some of the comments here are off the hook. I'm a mid-twenty something "hipster" that returned to my hometown after many years in Phoenix. I moved into P-town at the height of it's recession. Unemployment here in Oregon was something like 8% I think, and probably higher here in P-town. I don't have my college degree finished and I moved up here with my partner who similiarly had some call center expereince but many more years of college still to go. We moved for the quality of life, which along with forests, rivers, great urban planning, and easy to use transportation, also included finding quality jobs. Within two months of me living here I found a very decent job and have now been with the company for 3 years. My partner also is employed by a major corporation that has a Portland presence. We both work downtown, live close-in, and contribute most of our earnings back into the local economy. I don't understand how us "hipsters" aren't the ones, you say, Portland should be attracting. We don't have kids, we choose not to live in a single home dwelling, we take the train into work everyday, and we buy local.

Within months of moving to P-town in the highet of her recession, we both landed good paying "middle-class" jobs, adjusted to our surrounding community, and started pumping money back into the economy. Maybe David J is upset that he can't get a good "middle-class" job because us hipsters have snapped them all up.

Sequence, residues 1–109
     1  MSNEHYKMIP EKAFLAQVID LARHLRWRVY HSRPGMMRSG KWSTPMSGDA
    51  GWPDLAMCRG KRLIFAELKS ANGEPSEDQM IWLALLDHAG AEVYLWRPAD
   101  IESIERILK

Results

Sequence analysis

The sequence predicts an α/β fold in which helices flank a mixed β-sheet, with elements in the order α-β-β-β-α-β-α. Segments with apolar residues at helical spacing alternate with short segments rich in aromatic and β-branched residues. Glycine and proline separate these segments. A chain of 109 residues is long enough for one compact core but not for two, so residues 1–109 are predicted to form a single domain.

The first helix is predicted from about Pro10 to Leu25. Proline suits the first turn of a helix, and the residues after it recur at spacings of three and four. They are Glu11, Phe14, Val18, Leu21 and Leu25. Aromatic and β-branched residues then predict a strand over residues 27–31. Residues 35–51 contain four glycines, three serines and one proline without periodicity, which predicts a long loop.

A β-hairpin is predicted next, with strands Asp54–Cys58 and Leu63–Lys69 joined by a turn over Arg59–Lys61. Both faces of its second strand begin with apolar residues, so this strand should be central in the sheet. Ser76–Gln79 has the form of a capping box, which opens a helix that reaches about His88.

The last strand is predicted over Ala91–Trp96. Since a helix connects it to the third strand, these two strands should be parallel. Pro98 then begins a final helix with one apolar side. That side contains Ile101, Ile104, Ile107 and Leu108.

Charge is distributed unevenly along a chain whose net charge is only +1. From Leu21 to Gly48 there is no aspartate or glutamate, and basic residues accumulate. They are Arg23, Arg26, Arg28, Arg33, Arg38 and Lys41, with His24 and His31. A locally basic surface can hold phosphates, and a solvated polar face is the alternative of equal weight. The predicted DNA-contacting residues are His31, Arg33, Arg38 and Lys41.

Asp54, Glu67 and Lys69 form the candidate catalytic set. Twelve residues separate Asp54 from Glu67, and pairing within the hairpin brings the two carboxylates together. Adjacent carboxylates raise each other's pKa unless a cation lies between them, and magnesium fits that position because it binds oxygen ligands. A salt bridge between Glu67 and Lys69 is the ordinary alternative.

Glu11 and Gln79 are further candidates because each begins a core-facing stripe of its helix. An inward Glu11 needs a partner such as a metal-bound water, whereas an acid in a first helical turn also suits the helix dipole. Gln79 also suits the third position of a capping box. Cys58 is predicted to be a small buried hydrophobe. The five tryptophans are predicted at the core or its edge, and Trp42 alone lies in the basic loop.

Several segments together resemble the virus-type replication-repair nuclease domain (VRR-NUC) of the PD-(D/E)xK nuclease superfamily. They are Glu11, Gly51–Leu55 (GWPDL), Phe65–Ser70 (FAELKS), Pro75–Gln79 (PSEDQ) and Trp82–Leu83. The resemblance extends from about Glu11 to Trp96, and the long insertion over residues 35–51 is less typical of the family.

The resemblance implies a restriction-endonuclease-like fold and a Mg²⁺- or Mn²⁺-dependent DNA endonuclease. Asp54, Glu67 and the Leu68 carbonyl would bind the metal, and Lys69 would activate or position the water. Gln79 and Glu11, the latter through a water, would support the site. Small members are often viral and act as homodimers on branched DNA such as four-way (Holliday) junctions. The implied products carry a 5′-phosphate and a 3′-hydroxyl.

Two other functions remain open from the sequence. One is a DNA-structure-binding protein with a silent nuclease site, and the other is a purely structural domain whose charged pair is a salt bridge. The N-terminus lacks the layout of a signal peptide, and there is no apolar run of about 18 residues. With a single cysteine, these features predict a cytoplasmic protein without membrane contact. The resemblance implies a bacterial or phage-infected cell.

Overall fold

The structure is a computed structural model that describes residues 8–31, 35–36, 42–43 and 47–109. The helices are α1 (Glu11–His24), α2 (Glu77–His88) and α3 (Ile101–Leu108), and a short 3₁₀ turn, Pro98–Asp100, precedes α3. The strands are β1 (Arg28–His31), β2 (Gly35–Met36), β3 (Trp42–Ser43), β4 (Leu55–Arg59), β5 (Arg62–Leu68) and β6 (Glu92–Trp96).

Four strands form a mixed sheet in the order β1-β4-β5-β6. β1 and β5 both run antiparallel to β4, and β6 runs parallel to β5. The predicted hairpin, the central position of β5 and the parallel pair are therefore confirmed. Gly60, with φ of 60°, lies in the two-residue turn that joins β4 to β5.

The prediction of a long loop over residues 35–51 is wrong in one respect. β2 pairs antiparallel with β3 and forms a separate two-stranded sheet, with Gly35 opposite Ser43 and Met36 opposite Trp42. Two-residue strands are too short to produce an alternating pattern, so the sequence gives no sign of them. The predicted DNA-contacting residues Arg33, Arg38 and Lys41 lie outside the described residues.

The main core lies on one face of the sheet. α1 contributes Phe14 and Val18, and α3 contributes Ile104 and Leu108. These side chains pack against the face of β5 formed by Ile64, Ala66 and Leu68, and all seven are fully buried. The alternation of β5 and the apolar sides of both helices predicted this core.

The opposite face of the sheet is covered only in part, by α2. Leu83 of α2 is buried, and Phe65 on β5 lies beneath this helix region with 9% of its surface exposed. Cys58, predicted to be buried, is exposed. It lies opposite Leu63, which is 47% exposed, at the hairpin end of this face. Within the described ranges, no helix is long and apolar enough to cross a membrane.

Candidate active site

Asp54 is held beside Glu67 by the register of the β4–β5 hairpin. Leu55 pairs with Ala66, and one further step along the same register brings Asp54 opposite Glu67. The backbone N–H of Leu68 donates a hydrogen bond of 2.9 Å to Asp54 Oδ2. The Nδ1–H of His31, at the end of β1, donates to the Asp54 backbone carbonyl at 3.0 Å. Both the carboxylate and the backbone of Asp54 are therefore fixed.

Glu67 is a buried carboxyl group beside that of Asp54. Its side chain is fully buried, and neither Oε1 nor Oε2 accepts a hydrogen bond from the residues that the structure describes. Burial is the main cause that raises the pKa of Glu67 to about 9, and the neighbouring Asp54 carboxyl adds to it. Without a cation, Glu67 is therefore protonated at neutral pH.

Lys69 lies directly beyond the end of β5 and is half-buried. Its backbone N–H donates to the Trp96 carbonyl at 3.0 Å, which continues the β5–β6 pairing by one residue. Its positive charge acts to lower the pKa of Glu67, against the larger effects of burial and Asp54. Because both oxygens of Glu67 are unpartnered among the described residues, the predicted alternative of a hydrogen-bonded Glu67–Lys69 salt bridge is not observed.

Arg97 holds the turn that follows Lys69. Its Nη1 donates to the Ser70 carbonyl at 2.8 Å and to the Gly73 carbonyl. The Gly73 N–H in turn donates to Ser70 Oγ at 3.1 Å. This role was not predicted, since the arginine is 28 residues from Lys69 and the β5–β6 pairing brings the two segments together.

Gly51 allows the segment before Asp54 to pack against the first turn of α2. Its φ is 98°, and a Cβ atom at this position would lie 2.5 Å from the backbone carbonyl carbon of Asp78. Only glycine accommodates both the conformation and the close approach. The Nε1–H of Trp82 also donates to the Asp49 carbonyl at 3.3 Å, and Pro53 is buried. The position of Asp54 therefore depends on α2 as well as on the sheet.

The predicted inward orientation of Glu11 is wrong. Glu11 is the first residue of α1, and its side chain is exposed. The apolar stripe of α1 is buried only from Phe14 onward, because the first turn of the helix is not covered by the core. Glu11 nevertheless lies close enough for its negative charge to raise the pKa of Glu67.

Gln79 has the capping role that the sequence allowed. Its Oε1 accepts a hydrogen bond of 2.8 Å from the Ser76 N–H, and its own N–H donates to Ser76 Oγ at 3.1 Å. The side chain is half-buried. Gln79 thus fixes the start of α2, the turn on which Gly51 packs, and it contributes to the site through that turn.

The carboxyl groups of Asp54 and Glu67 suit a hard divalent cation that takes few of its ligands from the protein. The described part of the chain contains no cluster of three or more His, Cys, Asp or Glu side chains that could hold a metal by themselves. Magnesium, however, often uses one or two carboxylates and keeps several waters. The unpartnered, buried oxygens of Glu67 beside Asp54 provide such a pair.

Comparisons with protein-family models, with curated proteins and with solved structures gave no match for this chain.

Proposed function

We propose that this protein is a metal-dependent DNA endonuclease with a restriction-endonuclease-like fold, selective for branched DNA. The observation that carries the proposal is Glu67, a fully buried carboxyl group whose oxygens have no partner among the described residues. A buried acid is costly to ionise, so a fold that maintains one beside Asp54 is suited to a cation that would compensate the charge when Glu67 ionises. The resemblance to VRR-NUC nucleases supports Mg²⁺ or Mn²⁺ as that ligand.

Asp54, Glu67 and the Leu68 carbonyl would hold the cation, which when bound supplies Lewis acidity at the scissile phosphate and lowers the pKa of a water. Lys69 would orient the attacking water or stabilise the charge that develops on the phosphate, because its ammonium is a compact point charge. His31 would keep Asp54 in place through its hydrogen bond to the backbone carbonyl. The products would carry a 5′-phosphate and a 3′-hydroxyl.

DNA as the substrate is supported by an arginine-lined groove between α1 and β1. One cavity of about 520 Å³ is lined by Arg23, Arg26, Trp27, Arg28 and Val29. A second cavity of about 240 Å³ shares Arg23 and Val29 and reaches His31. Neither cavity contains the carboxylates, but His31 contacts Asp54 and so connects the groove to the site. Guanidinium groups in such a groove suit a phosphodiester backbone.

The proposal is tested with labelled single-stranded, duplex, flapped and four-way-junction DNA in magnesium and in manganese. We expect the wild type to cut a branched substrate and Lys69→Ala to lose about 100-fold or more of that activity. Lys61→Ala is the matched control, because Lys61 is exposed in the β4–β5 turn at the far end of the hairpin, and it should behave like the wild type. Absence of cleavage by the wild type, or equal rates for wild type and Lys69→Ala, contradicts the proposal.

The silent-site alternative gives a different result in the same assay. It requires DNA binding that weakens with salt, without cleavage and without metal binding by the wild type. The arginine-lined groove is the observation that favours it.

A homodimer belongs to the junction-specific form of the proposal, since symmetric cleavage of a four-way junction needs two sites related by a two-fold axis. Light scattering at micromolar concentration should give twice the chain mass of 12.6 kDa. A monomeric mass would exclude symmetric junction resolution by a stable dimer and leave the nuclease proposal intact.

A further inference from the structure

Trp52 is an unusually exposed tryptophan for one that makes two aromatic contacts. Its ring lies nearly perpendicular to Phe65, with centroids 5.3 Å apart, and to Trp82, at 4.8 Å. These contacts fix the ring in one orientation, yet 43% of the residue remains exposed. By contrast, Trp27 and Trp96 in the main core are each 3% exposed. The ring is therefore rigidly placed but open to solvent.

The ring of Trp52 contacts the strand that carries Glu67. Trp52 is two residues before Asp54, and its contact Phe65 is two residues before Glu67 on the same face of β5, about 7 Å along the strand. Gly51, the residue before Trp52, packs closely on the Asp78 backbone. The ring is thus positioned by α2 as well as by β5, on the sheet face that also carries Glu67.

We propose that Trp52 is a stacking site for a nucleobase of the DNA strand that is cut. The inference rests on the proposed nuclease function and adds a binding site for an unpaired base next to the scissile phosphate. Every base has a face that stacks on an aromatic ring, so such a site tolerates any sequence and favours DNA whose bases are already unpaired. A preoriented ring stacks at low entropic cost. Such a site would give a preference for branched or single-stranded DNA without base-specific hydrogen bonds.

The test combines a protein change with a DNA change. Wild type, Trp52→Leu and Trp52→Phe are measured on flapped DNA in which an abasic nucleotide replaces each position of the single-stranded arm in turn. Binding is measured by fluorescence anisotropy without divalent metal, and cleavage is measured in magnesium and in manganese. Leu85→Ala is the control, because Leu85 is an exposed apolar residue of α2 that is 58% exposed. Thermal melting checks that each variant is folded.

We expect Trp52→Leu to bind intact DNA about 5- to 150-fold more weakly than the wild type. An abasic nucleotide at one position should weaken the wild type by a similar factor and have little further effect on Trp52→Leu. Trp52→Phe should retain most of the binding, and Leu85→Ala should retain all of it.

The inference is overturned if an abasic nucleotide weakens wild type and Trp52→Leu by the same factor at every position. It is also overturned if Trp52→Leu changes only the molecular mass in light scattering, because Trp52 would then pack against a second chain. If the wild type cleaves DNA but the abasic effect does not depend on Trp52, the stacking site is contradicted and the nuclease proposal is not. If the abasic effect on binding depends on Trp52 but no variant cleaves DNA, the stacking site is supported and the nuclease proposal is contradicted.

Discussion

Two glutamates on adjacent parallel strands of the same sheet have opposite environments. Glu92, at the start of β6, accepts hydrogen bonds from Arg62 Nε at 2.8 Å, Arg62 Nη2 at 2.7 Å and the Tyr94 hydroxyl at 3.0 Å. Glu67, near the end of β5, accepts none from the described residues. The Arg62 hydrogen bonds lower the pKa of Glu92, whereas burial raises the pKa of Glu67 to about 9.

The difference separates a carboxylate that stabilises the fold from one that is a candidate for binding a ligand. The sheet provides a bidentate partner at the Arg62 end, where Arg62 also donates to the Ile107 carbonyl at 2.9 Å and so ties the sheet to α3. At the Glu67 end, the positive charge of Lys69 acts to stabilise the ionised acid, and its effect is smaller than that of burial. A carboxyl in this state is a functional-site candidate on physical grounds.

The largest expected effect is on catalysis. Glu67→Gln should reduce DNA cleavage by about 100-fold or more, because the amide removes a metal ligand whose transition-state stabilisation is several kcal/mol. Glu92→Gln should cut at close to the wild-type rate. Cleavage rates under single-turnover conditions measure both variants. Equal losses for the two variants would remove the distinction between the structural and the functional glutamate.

For those that lament the "choo-choos" and how we should spend the money on bigger freeways and better roads, maybe you should take the hint while sitting on 84 stuck in traffic. You hate the train because it can get you there faster. I drove into downtown earlier this week for work in the middle of rush hour. I counted 5 trains pass me while I was bitching about being stuck in traffic. Heading home at the end of the day was worse! I think this city needs a MAX next to every freeway and a streetcar up all the main avenues.

I also voted for the I-tax and believe that we as Oregonian, corporate and individually, aren't paying our fair share to sustain a truly world class state.

More condos?

Less people?

Has anyone considered the possibility that there are fewer people on average living in every dwelling unit in this city? A trend that's been going on in the U.S. for, say five decades or so?

I was distressed by a front page story in the O a week ago today: senior citizens living in mobile home parks that are being sold so that their owners can profit bigtime from the real estate boom. If we had real urban planning here, local governments would develop strategies to hang on to such affordable housing- perhaps by offering subsidies, transferring development rights or otherwise giving the park owners incentives to allow the tenants to stay. Instead we subsidize high end housing. Speculation ain't land use planning. Land use planning is supposed to help control it. That's what I learned in planning school. A few years back, a lawyer who was representing the Gray Panthers got run out of town on a rail. Tell me spec developers don't run things here!